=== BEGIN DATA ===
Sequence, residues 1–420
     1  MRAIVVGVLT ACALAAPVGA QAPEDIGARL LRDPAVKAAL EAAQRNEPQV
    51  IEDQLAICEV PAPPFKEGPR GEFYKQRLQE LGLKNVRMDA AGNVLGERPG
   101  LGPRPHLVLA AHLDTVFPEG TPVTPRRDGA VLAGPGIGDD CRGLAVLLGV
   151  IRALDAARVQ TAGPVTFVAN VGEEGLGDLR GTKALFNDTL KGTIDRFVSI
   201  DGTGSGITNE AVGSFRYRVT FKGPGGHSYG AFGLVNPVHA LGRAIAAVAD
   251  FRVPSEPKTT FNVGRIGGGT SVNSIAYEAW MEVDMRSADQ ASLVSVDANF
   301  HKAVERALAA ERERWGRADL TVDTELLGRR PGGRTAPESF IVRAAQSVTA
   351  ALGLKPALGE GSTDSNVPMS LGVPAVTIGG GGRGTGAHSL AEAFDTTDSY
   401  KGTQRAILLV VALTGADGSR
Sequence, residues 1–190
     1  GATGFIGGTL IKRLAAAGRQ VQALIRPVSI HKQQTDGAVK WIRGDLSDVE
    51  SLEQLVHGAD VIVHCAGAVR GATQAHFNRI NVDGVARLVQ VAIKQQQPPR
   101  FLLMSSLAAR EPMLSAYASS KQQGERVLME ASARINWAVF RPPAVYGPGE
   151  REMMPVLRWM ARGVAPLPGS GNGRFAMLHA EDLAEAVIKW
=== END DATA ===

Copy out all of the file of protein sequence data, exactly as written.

Sequence, residues 1–420
     1  MRAIVVGVLT ACALAAPVGA QAPEDIGARL LRDPAVKAAL EAAQRNEPQV
    51  IEDQLAICEV PAPPFKEGPR GEFYKQRLQE LGLKNVRMDA AGNVLGERPG
   101  LGPRPHLVLA AHLDTVFPEG TPVTPRRDGA VLAGPGIGDD CRGLAVLLGV
   151  IRALDAARVQ TAGPVTFVAN VGEEGLGDLR GTKALFNDTL KGTIDRFVSI
   201  DGTGSGITNE AVGSFRYRVT FKGPGGHSYG AFGLVNPVHA LGRAIAAVAD
   251  FRVPSEPKTT FNVGRIGGGT SVNSIAYEAW MEVDMRSADQ ASLVSVDANF
   301  HKAVERALAA ERERWGRADL TVDTELLGRR PGGRTAPESF IVRAAQSVTA
   351  ALGLKPALGE GSTDSNVPMS LGVPAVTIGG GGRGTGAHSL AEAFDTTDSY
   401  KGTQRAILLV VALTGADGSR
Sequence, residues 1–190
     1  GATGFIGGTL IKRLAAAGRQ VQALIRPVSI HKQQTDGAVK WIRGDLSDVE
    51  SLEQLVHGAD VIVHCAGAVR GATQAHFNRI NVDGVARLVQ VAIKQQQPPR
   101  FLLMSSLAAR EPMLSAYASS KQQGERVLME ASARINWAVF RPPAVYGPGE
   151  REMMPVLRWM ARGVAPLPGS GNGRFAMLHA EDLAEAVIKW